posted 11-08-2013 08:18 AM     Click Here to See the Profile for Fra Mauro   Click Here to Email Fra Mauro     Edit/Delete Message   Reply w/Quote
Recycling the Apollo 13 crew would pose problems assuming they all wanted to fly again so soon and that Slayton and NASA management agreed with that — the Apollo 14 crew hadn't trained on the rover if they were bumped to Apollo 15 and it wouldn't have been fair to the crews in training. Personally, I would have liked to see Haise put on Apollo 14 as LMP.

Gonzo
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From: Lansing, MI, USA
Registered: Mar 2012

posted 11-08-2013 11:21 AM     Click Here to See the Profile for Gonzo   Click Here to Email Gonzo     Edit/Delete Message   Reply w/Quote
quote:
Originally posted by Headshot:
Another good question, but we'll probably never know for certain since Lovell and company were never actually offered another flight and did not have the opportunity to make the decision.

There are an untold number of things that have happened behind the scenes that we will never know about. I suspect (although I have no proof of such) that it's entirely possible that they were never offered the flight because it was known from behind the scenes discussions that they didn't want to face that kind of decision. Whether they would ultimately accept it was irrelevant. That is, having just returned from such a harrowing flight, they may not have wanted to face the possibility of having to make the decision to do it again. So by not even offering, there was no (public) decision to make. No embarrassment for turning it down (had they done so) and no reason for NASA to "save face" by offering it to them.

Rusty53
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posted 11-08-2013 02:23 PM     Click Here to See the Profile for Rusty53     Edit/Delete Message   Reply w/Quote
Neil Armstrong always insisted that he and his crew were just one of many who could have been the first to land and that he was "not chosen to be the commander of the first landing, just the commander of apollo 11". So I wonder if he would have accepted Paine's offer to try again (at least for the first landing) since it would have meant another capable crew (Conrad's) would lose their chance at being first. It seems from all that I have read about the type of man he was, Armstrong may have accepted another chance at "a" landing but not another chance for the "first". He was the consummate team player.

Headshot
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From: Streamwood, IL USA
Registered: Feb 2012

posted 11-08-2013 04:48 PM     Click Here to See the Profile for Headshot   Click Here to Email Headshot     Edit/Delete Message   Reply w/Quote
I read somewhere ("First Man"?) that Armstrong stated he would have definitely gone to Paine and remind him of his offer had Eagle not landed successfully.

Delta7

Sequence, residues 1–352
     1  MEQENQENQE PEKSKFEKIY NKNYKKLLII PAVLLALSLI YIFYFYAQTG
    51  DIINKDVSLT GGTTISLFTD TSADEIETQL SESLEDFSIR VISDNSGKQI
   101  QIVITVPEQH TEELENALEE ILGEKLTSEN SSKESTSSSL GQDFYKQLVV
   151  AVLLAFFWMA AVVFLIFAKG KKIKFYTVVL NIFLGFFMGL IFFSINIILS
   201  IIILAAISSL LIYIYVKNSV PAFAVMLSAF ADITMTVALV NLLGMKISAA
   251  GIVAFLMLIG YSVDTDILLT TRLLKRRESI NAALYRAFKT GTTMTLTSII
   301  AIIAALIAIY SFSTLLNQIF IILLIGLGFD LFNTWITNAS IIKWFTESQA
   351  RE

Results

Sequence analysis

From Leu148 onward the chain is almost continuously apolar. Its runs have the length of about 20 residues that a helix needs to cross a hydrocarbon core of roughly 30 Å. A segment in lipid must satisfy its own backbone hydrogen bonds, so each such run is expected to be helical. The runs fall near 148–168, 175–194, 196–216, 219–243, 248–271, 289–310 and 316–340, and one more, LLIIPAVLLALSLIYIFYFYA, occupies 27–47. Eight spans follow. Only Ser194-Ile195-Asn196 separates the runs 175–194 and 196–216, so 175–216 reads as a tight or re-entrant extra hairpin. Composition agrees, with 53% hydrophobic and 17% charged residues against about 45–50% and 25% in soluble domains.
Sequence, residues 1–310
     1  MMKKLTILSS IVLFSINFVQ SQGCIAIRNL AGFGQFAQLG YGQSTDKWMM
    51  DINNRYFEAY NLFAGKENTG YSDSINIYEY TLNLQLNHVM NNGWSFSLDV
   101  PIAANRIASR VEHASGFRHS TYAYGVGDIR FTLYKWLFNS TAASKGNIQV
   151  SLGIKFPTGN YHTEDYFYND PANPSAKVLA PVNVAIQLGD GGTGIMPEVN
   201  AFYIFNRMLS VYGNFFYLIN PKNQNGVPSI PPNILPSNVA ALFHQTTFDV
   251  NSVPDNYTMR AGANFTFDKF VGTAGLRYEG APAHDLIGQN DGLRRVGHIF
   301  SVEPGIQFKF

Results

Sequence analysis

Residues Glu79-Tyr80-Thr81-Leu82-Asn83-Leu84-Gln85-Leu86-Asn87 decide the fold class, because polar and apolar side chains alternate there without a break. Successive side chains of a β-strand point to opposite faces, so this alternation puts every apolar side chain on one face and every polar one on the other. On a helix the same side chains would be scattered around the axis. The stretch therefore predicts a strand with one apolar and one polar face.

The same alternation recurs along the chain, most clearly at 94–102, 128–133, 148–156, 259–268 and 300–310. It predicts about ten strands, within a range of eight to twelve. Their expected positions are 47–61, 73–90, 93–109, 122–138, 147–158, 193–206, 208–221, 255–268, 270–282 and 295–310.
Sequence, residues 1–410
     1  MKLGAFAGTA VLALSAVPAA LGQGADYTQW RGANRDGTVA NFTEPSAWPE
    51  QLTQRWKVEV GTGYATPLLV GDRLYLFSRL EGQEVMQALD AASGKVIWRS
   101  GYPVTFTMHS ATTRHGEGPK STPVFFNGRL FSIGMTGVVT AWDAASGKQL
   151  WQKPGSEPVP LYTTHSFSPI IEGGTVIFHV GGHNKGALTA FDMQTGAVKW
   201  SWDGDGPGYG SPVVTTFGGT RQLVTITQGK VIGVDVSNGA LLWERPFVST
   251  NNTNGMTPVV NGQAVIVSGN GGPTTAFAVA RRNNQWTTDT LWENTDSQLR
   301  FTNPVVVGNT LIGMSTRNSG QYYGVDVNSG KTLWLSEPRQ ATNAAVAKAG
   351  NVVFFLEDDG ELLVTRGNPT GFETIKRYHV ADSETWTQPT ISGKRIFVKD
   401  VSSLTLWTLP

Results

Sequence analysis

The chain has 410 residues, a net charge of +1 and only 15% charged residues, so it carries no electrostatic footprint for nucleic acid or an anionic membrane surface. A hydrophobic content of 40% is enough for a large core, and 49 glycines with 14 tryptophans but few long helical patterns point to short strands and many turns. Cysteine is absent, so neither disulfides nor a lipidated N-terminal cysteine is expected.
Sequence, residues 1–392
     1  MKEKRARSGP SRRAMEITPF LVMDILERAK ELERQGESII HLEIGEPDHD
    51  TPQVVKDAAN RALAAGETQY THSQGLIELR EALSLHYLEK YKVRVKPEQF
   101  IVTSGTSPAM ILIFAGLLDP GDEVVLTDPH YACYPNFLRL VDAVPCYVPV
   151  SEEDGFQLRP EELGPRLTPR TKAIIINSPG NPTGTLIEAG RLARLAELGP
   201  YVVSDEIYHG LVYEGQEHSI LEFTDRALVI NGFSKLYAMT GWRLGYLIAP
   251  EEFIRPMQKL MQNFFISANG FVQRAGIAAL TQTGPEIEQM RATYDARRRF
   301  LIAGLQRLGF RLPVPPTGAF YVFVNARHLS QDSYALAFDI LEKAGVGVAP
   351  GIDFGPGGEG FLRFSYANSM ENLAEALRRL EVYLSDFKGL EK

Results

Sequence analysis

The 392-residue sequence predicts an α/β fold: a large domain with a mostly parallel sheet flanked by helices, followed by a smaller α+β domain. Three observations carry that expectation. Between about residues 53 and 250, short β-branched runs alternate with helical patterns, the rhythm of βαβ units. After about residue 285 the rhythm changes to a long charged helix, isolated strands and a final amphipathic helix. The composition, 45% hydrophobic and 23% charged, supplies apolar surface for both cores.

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From: Ossian IN USA
Registered: Oct 2007

posted 11-08-2013 07:01 PM     Click Here to See the Profile for Delta7   Click Here to Email Delta7     Edit/Delete Message   Reply w/Quote
Lovell was quoted as saying something to the effect that he'd "Feel the pain of a million stab wounds" from his fellow astronauts if he went for flight #5. Not to mention a 3rd lunar trip.

Fra Mauro
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From: Maspeth, NY
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posted 11-08-2013 08:26 PM     Click Here to See the Profile for Fra Mauro   Click Here to Email Fra Mauro     Edit/Delete Message   Reply w/Quote
I can't imagine Al Shepard accepting a delay or being bumped from going to the moon.

Headshot
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Posts: 222
From: Streamwood, IL USA
Registered: Feb 2012

posted 11-09-2013 07:13 AM     Click Here to See the Profile for Headshot   Click Here to Email Headshot     Edit/Delete Message   Reply w/Quote
Al Shepard, despite his connections, did not run NASA, nor even Apollo. Being assigned to a lunar flight was an honor, not a right. If he fussed too much, especially over something so trivial as a delayed mission, Paine had the authority and mentality to take him off the crew. Shepard knew this and did not fuss when his crew was switched from his originally assigned Apollo 13 to 14.

True, it might have upset Slayton and one or two other astronauts, had Shepard made a fuss and been canned, but Paine was their boss too. Slayton even admits there were many other astronauts who believed (correctly or incorrectly) that Shepard had unfairly jumped to the head of the flight eligibility line. Any one of them would have gladly filled Shepard's open slot if Paine had removed him from the crew.

Al Shepard, above all, wanted to walk on the moon and I do not believe he cared one wit if it happened on Apollo 13, 14 or 15.